Dr. Charles Herzog: I think that all good medical practice now is a team approach. You know, on our campus we even talk, you know, the heart kidney team, like we have the heart team. And I think that's a very good way of looking at it. And it's not just cardiologists and nephrologists, and there's also a lot of other people that are important to a lot of nursing staff, social workers, psychologists. It really does take a village or a small city to provide good quality care to patients with end stage kidney disease. It's a very challenging group, but as a group that needs more resource allocation for effective care to be delivered, and it has to be integrated care, it can't be just people in silos taking care of patients in different clinics.
So, I think one of the things I'd like to see in the clinical and academic world is really a large effort to create these, you know, truly functional, integrated cardiorenal facilities or cardiorenal clinics.
Dr. Michael Kraus: Fascinating. Any final words, Chuck, personal anecdote or anything you'd like to share with us today?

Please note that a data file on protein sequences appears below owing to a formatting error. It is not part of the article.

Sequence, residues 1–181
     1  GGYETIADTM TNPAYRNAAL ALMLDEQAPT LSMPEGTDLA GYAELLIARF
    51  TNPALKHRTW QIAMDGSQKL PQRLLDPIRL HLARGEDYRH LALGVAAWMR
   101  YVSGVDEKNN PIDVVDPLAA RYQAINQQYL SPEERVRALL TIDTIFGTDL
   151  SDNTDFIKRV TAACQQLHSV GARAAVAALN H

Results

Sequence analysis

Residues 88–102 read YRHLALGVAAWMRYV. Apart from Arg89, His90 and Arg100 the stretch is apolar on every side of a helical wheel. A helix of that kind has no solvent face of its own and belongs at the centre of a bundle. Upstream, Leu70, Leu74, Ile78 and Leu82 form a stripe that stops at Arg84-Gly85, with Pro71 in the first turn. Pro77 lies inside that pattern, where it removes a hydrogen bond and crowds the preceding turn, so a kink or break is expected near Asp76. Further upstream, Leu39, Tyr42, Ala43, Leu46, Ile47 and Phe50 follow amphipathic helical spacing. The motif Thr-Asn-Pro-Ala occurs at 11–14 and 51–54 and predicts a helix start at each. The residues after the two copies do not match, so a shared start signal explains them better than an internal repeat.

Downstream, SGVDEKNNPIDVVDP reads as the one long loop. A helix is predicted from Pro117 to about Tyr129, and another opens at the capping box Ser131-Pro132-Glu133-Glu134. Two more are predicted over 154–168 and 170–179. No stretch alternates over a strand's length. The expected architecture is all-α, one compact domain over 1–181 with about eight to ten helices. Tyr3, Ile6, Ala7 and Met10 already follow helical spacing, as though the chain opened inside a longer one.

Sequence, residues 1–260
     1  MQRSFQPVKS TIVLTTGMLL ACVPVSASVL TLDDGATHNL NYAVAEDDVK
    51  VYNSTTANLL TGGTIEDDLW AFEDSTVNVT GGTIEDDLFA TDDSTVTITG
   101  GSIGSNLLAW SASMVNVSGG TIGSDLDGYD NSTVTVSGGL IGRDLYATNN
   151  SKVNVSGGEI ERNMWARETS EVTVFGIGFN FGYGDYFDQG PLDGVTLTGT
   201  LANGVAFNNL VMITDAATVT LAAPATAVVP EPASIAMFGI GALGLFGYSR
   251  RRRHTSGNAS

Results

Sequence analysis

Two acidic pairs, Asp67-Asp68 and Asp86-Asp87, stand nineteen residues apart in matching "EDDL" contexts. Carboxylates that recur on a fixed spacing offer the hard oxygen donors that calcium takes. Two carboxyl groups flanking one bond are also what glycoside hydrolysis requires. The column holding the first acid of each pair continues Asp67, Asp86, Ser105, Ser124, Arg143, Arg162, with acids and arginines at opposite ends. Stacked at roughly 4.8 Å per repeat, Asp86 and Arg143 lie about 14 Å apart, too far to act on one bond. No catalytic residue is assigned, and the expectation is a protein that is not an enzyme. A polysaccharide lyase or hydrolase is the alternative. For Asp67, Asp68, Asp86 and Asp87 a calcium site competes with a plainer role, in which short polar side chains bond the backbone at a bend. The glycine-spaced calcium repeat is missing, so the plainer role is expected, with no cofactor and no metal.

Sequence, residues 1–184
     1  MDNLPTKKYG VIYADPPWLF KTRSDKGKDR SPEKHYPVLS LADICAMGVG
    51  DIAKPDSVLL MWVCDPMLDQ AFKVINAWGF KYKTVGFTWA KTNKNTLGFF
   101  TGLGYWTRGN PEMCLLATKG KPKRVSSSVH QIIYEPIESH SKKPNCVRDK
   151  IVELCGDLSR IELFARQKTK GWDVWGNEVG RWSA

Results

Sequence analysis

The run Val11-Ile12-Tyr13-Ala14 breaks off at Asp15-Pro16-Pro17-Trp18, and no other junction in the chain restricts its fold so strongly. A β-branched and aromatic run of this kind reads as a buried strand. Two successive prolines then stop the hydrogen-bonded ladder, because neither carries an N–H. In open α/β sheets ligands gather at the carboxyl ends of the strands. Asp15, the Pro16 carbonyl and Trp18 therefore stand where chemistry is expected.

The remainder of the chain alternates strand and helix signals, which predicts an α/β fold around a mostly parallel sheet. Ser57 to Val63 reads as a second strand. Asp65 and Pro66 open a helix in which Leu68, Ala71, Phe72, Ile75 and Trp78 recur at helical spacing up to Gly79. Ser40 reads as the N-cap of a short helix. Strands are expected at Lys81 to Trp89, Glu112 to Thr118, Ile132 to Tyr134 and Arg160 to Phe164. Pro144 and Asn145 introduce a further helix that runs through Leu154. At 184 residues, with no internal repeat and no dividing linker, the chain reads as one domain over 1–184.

Dr. Charles Herzog: Just that most of my contact with the patients with end stage kidney disease have been in the realm of evaluation for cardiac screening for kidney transplantation. And only a minority of the patients that come through are on home therapies. I'd have to say my informal observation is they seem to be doing, you know, as a group probably better, maybe it’s self-selection, but, you know, patients that are able to deal with their own care and being able to, you know, run PD cyclers at night or home hemodialysis machines, a lot of that will be working during the day. They can have more control over their lives, too. So, I'm not saying it's a substitute for kidney transplantation, which to me is sort of the ultimate treatment and part of also of health equity issue too for access.